Geophagy is the practice of ingesting soil and has been observed worldwide in many terrestrial vertebrates. Antelope Jackrabbits (Lepus alleni) are a large and poorly studied hares in the desert scrub through neotropical savannas of southwestern USA and northwest Mexico. Typically herbivorous, Antelope Jackrabbits have been noted to practice geophagy but reasons for the behavior have not been clarified. We evaluated Lepus alleni geophagy as a function of micronutrient supply. Evidence of soil digging and ingestion by Antelope Jackrabbits was collected from motion sensing cameras and soil at these areas was collected. Fifteen soil samples from ingested sites and fifteen control samples from non-ingested sites was collected and analyze for water content, Iron (Fe), Potassium (K), Calcium (Ca) and Sodium (NA). Calcium and sodium was higher in areas where soil was ingested whereas potassium, water and iron content did not differ. In conclusion, the evidence suggests that Antelope Jackrabbits are ingesting soil to uptake necessary nutrients such as sodium and calcium.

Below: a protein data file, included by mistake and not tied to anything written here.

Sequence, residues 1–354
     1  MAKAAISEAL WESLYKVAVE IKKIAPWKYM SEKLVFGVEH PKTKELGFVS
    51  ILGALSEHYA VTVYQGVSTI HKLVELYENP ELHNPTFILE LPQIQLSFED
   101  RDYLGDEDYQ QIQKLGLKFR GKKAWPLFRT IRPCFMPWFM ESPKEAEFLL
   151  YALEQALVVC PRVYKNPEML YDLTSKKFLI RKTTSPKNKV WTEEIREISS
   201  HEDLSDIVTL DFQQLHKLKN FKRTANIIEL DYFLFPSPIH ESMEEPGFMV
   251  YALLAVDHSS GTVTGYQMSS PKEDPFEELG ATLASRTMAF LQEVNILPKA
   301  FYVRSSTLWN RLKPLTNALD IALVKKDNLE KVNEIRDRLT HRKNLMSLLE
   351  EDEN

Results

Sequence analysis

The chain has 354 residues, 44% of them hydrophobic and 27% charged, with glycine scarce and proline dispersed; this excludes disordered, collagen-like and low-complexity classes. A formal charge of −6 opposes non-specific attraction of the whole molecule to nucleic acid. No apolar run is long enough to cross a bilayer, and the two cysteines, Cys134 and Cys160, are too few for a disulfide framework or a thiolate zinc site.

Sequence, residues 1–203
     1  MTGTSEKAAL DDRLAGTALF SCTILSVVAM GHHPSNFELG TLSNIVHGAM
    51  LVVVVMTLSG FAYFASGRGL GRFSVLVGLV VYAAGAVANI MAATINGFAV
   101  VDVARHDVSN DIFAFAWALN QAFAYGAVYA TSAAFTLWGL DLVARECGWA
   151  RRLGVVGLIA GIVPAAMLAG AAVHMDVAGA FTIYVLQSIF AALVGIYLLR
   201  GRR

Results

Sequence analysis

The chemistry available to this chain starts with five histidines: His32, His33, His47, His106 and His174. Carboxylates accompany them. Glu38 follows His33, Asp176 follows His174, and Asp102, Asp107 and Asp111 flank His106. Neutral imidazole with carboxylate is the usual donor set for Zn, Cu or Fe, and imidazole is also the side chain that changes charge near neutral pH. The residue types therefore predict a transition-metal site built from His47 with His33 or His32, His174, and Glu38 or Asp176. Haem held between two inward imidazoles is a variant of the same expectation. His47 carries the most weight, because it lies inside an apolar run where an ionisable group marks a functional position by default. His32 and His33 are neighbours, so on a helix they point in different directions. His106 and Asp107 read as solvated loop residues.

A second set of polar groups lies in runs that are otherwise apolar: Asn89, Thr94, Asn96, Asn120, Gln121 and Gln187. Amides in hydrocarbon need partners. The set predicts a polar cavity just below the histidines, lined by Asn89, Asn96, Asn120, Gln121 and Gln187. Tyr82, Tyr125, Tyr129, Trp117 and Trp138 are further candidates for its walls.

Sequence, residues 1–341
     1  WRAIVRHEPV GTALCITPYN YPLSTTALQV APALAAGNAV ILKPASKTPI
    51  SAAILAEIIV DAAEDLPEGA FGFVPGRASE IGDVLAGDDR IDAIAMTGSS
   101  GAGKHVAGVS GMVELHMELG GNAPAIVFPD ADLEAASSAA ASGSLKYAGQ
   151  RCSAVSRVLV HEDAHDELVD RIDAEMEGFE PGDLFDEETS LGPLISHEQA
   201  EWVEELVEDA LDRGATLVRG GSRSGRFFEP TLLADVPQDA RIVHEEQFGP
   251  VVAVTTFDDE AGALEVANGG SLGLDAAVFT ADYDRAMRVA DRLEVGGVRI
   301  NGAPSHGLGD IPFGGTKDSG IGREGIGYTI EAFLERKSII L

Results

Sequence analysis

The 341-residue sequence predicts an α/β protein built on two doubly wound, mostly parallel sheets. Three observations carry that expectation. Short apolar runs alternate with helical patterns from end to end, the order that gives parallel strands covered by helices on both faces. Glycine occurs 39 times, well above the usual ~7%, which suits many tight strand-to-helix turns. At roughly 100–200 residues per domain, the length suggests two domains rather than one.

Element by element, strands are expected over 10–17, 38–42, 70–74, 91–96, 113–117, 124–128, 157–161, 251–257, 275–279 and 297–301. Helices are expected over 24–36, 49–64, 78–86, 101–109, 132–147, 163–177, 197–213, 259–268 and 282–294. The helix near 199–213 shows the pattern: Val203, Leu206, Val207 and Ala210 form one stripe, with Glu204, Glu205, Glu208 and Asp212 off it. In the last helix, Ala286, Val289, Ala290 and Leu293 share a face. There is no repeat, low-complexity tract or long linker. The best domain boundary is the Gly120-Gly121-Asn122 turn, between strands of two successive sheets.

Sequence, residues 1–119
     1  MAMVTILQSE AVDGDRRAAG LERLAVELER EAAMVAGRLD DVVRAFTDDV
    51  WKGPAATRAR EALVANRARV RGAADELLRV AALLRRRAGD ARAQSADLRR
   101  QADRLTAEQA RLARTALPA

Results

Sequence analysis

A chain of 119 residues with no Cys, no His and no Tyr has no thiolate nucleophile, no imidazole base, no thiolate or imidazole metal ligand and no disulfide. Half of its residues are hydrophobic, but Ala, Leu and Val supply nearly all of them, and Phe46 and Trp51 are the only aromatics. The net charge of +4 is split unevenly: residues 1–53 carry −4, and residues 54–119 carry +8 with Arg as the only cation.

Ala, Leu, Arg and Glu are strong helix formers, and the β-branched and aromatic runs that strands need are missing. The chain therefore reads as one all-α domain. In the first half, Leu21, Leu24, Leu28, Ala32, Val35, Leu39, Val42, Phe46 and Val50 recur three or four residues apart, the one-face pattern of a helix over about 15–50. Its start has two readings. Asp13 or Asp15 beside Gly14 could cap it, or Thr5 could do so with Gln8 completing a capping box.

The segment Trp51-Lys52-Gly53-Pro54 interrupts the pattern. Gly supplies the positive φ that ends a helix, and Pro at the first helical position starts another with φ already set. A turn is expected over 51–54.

SIDE PROJECTS

High Fire Risk and Climate Vulnerability (in progress) 2024

Geospatial Data Processing

Processing geospatial datasets to subset high severity fire risk and climate vulnerability polygons with similar vegetation type and control plots for further analysis. Project for the University of Arizona Dr. Don Falk with ARSC 

Santa Rita Experimental Range Photogrammetry, 2023

Drone Imagery, Phantom 4 RTK

A collection of drone images that were taken during the June and October of 2023 to document pre and post monsoon dynamics. Nadir and Oblique photos were used to create structure for motion point clouds to create digital elevation models and canopy height models. Drone images taken for the University of Arizona Dr. Mitchel P McClaran and Dr. Guillermo E. Ponce-Campos with ARSC 

Santa Cruz River RedDye Research, 2022

Drone Imagery, DJI Mavic Pro 2

A collection of drone images and HD video taken at 9am to document bio safe dye injections to gather water-travel data to inform laboratory experiments in collaboration with the US Geological Survey and University of Arizona researchers. Drone images taken for the University of Arizona Dr. David Quanrud with ARSC 

Funding Agencies and Collaborators